Password Topology Histogram Wear-Leveling, a.k.a. PathWell
Authors: Rick Redman [Minga]

Date: August 2014
Publication: Passwords14 Las Vegas
Source: Currently no known Internet copy of paper.

Abstract or Summary:
PathWell is a novel approach to enforcing password complexity, designed to thwart modern cracking tools and approaches while retaining compatibility with existing enterprise authentication systems and password stores. Recent trends in password cracking, such as the Hashcat suite's mask modes, focus on common password ""shapes"" or topologies, such as ""start with an uppercase letter, then several lowercase letters, then several digits"" -> ""?u?l?l?l?l?l?d?d"". We find that topology use is so skewed, that by exhausting the 1-5 most common topologies (out of tens of thousands to millions of possible topologies) will result in 25+% of all passwords cracking for a typical enterprise network. PathWell is a way to audit and/or enforce topology uniqueness across an enterprise. This greatly reduces the attacker's success rate when cracking passwords, and increases their work factor to crack any sizable percentage. The concepts apply to both medium-weak hash types, extending the effective lifespan of deployed systems, and also to systems using stronger hash types, making them even more resistant to cracking.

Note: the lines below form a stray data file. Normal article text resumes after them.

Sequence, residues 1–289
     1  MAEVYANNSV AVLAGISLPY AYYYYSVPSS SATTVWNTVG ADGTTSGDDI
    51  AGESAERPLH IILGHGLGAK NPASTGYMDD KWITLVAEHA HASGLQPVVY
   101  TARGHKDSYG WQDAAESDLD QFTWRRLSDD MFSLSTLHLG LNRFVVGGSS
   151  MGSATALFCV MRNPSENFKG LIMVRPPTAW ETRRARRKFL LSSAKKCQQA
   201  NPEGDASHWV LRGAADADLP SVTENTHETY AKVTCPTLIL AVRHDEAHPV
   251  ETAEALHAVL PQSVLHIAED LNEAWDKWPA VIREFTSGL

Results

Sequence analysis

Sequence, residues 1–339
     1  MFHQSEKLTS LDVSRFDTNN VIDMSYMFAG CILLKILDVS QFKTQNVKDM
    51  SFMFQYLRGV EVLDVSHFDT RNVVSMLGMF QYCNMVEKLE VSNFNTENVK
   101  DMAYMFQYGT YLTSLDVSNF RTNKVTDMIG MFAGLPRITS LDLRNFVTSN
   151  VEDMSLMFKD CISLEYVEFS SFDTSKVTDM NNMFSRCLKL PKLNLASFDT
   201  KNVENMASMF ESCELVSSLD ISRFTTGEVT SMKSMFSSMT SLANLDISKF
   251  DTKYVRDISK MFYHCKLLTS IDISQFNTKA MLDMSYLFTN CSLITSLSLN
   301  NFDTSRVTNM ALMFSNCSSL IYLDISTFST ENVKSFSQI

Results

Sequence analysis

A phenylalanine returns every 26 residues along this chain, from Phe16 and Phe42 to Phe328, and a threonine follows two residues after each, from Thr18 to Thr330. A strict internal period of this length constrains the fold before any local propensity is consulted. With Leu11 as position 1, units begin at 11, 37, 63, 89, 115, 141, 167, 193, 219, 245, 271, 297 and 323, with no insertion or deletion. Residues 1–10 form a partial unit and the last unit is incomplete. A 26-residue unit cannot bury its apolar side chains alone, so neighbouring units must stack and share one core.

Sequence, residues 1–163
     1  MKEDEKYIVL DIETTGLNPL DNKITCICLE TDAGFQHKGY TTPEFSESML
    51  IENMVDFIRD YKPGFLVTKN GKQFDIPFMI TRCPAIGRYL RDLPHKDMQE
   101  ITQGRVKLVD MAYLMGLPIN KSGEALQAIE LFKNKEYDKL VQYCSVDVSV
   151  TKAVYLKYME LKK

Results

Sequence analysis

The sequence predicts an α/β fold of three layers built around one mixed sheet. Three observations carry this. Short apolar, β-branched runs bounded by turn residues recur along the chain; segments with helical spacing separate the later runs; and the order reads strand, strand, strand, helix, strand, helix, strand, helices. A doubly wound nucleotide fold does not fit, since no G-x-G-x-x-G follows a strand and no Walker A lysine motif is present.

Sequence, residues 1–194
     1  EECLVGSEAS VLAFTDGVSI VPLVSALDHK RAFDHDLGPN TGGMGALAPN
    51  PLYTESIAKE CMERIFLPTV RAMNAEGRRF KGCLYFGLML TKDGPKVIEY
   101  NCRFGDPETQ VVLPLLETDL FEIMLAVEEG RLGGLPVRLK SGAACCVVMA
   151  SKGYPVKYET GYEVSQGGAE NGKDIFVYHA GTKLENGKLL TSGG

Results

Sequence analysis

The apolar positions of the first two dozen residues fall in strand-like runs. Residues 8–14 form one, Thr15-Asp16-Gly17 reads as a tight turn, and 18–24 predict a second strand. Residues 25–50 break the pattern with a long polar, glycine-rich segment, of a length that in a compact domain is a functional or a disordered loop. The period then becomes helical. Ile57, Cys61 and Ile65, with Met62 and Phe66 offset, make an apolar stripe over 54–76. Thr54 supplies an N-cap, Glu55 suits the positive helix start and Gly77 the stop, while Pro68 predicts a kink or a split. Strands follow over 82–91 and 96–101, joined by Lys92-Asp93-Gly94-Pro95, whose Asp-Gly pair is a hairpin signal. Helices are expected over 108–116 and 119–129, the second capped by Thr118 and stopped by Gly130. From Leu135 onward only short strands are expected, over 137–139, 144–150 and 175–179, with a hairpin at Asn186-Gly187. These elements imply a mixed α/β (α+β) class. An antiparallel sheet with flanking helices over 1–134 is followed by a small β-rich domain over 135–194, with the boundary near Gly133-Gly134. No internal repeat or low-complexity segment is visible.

LibPathWell software project page here: Note: Video of presentation:

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